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Thread: Planning in the last 40 years

  1. #1
    Cyburbian Earl Finkler's avatar
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    Aug 2001
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    Barrow, Alaska
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    Planning in the last 40 years

    Hi and Happy St. Patricks Day planners everywhere.
    Here in Barrow,if one does not wear some green, it is for he or she to get pinched.
    So I made sure that I had a clean green shirt.

    I've been invited to speak to a University planning class in Fairbanks toward the end of the month ---about my planning career and some lessons learned along the way.

    I started working in planning in Toronto back in 1966, and was just wondering if anyone out there might have any perspectives on how city and rural planning have changed within the last 40 years, or even the last 20-30 years.

    Seems to me that we've been through the energy conservation and alternate energy phases before. And planning now is more high-tech in general. More emphasis now on rebuilding central cities? Comments, other ideas?
    PS--on thing that has remained constant in the last 40years is that Electric Football remains popular. And the Chicago Cubs keep falling short.
    Earl
    Earl the Farthest North Cub Fan

  2. #2
    Cyburbia Administrator Dan's avatar
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    Moderator note:
    Earl,

    I'm going to duplicate this message and post it in the Make no Small Plans subforum, so you might have a better chance of getting a response,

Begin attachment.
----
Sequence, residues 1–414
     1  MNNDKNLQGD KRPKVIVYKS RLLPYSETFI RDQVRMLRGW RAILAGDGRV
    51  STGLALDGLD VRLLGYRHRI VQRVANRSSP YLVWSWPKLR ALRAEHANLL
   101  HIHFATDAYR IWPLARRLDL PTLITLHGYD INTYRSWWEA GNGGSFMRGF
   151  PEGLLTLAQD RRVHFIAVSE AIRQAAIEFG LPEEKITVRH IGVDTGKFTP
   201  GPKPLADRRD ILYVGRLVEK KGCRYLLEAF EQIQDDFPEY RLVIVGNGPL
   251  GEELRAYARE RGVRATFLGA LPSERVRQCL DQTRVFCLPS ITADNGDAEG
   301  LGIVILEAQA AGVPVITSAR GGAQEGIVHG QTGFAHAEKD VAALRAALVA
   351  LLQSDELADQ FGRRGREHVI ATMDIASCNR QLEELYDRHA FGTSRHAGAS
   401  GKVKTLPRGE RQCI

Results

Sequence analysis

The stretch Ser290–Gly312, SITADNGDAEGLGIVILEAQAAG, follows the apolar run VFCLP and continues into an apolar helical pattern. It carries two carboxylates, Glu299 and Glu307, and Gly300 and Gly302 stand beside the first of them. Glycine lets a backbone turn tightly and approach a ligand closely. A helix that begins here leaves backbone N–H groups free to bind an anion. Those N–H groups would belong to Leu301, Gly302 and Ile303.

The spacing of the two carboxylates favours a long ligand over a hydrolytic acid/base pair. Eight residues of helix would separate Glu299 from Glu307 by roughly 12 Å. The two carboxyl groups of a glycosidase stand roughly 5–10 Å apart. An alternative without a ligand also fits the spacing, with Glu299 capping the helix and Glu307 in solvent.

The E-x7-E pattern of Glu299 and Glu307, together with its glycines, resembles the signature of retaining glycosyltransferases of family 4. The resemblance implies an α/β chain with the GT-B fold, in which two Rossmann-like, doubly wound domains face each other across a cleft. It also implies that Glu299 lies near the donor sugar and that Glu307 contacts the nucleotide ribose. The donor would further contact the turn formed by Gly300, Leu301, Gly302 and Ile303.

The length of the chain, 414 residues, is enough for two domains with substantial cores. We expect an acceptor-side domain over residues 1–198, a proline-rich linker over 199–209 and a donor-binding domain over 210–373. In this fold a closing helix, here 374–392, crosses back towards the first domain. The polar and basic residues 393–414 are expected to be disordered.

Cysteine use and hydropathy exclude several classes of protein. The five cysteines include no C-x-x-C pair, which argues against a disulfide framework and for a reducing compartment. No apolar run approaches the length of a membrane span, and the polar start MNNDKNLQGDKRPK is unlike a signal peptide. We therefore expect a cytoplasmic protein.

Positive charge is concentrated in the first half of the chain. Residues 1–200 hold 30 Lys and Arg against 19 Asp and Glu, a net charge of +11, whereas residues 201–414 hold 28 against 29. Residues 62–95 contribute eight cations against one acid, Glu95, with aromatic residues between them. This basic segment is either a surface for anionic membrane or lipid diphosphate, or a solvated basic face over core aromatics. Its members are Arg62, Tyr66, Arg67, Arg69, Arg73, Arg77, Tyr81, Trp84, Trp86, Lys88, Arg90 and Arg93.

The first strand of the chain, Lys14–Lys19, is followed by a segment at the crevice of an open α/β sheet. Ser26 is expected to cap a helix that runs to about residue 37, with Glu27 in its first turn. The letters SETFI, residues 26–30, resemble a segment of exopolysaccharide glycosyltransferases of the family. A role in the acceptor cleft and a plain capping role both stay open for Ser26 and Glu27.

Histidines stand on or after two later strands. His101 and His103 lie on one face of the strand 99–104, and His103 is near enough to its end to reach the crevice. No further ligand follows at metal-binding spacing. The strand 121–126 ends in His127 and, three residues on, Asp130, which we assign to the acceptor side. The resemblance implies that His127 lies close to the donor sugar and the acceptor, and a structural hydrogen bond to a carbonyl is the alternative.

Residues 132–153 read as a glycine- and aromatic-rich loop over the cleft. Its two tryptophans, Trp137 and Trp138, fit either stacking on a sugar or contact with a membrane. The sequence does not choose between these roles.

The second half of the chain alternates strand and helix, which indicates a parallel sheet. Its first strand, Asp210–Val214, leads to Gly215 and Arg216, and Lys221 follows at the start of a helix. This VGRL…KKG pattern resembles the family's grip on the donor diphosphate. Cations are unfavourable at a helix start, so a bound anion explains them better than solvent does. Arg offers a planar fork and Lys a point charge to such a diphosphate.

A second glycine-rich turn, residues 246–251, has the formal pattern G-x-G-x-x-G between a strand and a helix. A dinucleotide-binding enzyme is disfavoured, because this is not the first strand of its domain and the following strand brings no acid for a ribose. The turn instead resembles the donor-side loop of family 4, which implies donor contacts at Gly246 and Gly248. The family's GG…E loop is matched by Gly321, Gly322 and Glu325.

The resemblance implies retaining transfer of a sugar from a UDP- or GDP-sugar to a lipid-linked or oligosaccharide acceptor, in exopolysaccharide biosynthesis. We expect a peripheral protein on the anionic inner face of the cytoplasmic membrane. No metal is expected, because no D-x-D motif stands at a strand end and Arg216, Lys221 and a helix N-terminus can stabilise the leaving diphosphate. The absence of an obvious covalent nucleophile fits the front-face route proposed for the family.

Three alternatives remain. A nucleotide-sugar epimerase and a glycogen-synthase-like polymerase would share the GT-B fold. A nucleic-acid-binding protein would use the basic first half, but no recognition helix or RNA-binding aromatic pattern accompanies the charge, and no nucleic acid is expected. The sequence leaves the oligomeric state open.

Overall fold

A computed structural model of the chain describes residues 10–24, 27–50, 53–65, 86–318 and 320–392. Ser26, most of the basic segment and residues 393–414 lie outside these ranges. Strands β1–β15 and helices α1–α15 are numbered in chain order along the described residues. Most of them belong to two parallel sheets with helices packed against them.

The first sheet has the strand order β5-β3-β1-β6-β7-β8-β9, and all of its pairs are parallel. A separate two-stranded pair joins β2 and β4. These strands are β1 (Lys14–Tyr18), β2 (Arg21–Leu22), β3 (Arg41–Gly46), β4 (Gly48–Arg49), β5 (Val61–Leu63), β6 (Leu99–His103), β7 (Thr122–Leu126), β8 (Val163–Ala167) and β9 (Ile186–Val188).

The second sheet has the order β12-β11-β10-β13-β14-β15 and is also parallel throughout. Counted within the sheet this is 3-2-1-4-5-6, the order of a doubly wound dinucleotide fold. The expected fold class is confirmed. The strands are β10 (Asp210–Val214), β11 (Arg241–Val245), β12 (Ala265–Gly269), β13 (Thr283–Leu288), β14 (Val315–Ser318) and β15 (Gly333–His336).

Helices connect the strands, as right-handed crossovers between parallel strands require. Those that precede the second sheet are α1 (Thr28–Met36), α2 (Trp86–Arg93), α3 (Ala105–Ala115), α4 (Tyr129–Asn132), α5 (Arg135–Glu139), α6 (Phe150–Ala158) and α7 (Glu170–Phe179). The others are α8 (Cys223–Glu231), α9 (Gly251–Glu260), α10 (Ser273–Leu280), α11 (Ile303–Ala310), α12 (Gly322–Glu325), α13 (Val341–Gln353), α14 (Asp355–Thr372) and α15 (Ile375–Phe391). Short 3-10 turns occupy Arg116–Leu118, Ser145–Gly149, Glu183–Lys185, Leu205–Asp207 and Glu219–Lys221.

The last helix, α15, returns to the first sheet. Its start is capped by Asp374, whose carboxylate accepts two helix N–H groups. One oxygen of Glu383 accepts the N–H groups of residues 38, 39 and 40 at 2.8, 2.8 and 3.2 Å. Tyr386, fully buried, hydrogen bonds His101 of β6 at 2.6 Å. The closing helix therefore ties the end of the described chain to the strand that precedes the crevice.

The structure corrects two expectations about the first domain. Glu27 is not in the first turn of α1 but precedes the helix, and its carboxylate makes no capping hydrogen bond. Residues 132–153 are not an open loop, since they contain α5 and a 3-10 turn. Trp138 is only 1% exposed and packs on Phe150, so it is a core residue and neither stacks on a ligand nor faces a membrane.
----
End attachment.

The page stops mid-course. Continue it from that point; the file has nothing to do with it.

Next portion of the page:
3. #3
    Cyburbian mike gurnee's avatar
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    I do not think planning has changed. The process is the same as it always has been in my 30 years (mostly small town/rural). Some techniques may be different due to GIS and computer graphics. The internet makes data gathering easier. Hot topics come and go, but supposed new concepts are usually re-hashing of former ideas with new terminoligy.

  4. #4
    Cyburbian Cardinal's avatar
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    The greatest changes I have noted (since 1989) are technical and legal. When I started, the four of us shared a computer and a word processor. Now I would expect just about any planner to have a working knowledge of GIS and very good skills with Word and Excel. There are other programs that can be helpful, like CAD or graphic design software. On the other hand, the old methods are all but gone in some places.

    The legal changes have mostly centered around environmental conditions. Wetlands are a big one, but storm water quality is another area of change. We are putting more of an emphasis on conserving valuable (and questionable) sites and connecting them in corridors. Trails are a natural extension of this. The other areas of change may be more at the state level, such as the "smart growth" legislation passed in Wisconsin a few years ago.

    I think we are also paying a lot more attention to aesthetics than we used to. Many more cities have design guidelines today than did when I started.

    Other things remain the same. Each decade seems to have its own "solution" to problems. Think of closing streets to make pedestrian malls, or tearing down square blocks for "blight elimination," only to replace them with towers which concentrated poverty and crime. Today, perhaps it is new urbanism.
    Anyone want to adopt a dog?

  5. #5
    Cyburbian Earl Finkler's avatar
    Registered
    Aug 2001
    Location
    Barrow, Alaska
    Posts
    190

    Planning in last 40 years

    Thanks to Dan and Mike and Cardinal for moving the discussion along and contributing various perspectives.
    I hadn't thought about a 10-year cycle where earlier hot recommendations resurface as new innovations.
    Maybe I can challenge the students to try and come up with
    real new concepts.
    Then all they will have to do is sell the concepts to the public and local leaders.
    thanks again
    Earl the Farthest North Cub Fan

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